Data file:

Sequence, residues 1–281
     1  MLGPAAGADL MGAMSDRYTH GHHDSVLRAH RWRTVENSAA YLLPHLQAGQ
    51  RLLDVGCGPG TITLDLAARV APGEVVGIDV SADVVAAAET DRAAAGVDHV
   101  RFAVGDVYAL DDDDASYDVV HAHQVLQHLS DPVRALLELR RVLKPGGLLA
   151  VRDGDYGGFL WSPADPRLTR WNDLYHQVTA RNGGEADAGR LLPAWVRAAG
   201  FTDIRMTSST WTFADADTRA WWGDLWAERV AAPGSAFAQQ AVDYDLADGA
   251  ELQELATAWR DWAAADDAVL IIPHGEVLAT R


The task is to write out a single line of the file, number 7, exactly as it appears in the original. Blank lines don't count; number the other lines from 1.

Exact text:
   251  ELQELATAWR DWAAADDAVL IIPHGEVLAT R